Slow-living animal species could be disease 'reservoirs'

November 09, 2020

Animals that live slowly - breeding less rapidly and living longer - could be "reservoirs" of diseases that could jump to new species including humans, new research suggests.

Some species "live fast and die young", devoting effort to reproduction, while others conserve more energy for survival.

The Covid-19 pandemic has drawn attention to fast-spreading infectious diseases, but the new study - by the University of Exeter - focusses on "endemic" diseases that co-exist with host species for long periods of time.

The researchers measured what they called "demographic competence" - the ability of a host species to survive in large numbers while sustaining high levels of infection.

They showed that slow-lived species often have higher demographic competence for persistent infections, and are therefore more likely to act as reservoirs of infection that can spill over into other species.

"Diseases of wildlife pose a threat to the survival of endangered species worldwide, and we know there is risk of spill-over of disease between closely related species of wildlife, livestock and humans," said Professor Dave Hodgson, director of the Centre for Ecology and Conservation on Exeter's Penryn Campus in Cornwall.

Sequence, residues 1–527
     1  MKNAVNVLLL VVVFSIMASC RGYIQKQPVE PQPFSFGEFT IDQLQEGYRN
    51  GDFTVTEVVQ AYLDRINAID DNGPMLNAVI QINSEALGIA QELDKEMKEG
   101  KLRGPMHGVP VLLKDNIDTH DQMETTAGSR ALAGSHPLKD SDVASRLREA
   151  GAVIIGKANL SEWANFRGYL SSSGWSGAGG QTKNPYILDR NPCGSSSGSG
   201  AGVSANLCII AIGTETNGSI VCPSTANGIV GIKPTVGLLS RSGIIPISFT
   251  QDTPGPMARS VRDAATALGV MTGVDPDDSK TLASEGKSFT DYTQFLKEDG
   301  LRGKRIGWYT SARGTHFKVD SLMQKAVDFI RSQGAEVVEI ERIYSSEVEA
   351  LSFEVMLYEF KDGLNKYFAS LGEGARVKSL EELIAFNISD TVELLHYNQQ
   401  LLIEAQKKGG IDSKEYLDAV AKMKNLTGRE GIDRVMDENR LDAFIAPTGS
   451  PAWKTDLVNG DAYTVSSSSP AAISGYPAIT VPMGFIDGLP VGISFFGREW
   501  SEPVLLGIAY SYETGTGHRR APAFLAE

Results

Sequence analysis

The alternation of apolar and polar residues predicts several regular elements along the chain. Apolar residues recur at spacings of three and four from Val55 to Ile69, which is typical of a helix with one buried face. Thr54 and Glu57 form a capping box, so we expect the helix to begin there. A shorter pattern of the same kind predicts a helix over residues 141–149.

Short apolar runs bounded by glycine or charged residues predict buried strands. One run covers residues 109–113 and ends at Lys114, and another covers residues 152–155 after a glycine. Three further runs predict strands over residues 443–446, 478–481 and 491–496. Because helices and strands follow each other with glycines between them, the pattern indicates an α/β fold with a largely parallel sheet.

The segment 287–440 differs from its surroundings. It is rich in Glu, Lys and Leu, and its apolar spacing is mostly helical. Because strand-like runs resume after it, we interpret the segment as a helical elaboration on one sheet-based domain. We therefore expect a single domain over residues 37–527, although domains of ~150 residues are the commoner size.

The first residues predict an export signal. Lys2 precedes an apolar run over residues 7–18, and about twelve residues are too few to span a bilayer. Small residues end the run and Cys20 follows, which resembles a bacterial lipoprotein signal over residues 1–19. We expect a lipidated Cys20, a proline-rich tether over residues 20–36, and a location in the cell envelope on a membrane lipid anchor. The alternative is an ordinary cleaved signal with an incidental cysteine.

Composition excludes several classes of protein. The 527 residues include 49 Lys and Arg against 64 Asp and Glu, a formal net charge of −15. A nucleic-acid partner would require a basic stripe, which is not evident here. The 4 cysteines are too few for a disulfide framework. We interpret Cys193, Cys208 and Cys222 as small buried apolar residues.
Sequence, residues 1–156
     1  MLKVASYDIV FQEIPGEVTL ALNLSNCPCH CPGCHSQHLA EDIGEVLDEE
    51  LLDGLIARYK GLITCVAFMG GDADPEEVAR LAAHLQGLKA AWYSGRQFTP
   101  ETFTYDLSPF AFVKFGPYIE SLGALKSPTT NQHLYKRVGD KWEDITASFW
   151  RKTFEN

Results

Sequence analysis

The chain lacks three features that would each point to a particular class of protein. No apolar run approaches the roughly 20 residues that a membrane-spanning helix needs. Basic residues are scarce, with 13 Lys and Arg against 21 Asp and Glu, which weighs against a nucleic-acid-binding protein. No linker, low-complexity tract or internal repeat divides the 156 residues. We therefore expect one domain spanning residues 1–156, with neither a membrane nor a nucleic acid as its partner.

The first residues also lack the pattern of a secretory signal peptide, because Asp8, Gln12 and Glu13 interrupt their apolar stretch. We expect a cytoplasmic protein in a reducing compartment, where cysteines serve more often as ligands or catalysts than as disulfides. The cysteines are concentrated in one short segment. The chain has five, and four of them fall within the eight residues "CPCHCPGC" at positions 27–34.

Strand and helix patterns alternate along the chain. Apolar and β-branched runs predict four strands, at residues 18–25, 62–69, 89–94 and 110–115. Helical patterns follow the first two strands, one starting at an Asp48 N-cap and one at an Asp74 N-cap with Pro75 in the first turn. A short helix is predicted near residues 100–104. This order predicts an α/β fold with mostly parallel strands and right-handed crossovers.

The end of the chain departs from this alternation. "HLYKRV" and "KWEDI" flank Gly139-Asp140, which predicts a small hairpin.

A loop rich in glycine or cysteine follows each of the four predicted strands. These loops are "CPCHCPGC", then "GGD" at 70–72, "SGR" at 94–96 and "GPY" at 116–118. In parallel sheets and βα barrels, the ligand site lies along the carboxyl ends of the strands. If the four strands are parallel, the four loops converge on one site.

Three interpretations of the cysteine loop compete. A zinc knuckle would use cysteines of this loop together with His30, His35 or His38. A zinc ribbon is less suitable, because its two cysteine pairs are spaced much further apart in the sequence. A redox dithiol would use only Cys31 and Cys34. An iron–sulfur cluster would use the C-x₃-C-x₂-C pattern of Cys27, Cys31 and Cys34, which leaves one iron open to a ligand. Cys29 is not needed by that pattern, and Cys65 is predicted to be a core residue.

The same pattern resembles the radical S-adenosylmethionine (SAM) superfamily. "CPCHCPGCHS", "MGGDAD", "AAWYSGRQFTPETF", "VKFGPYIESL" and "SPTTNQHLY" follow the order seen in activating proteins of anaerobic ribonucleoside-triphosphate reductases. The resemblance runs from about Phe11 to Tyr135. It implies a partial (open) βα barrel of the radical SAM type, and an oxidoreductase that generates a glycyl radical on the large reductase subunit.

"These spill-over events are known to be influenced by similarities in immune systems, and by increasing levels of contact between humans and wildlife caused by exploitation of natural ecosystems like rainforests.

"Our findings highlight the potential to use other, more ecological, characteristics like lifespan, reproductive capacity and population size to identify and predict the wildlife reservoirs from which new diseases could emerge."

The researchers used mathematical models to explore what kinds of animal species and pathogens (diseases) are likely to co-exist for long periods.

"As well as finding that slow-living species may be reservoirs of infectious disease, we show a 'flip-side' whereby species with low demographic competence may not be able to co-exist with new diseases and might therefore suffer local or complete extinction," said Dr Matthew Silk, of the University of Exeter.

"It is important to note that pace-of-life in the host species isn't the only important factor affecting 'demographic competence'.

"Traits of the pathogen itself - such as how easily it is transmitted and how likely it is to kill a host - will also play a key role, as will the social behaviour of the host species.

"We must also consider the role of immunity. Differences in immune systems that we know exist between fast and slow hosts can influence how long individuals are ill and whether they can be re-infected."
The paper, published in the journal Nature Ecology and Evolution, is entitled: "Life history and population regulation shape demographic competence and influence the maintenance of endemic disease."

University of Exeter

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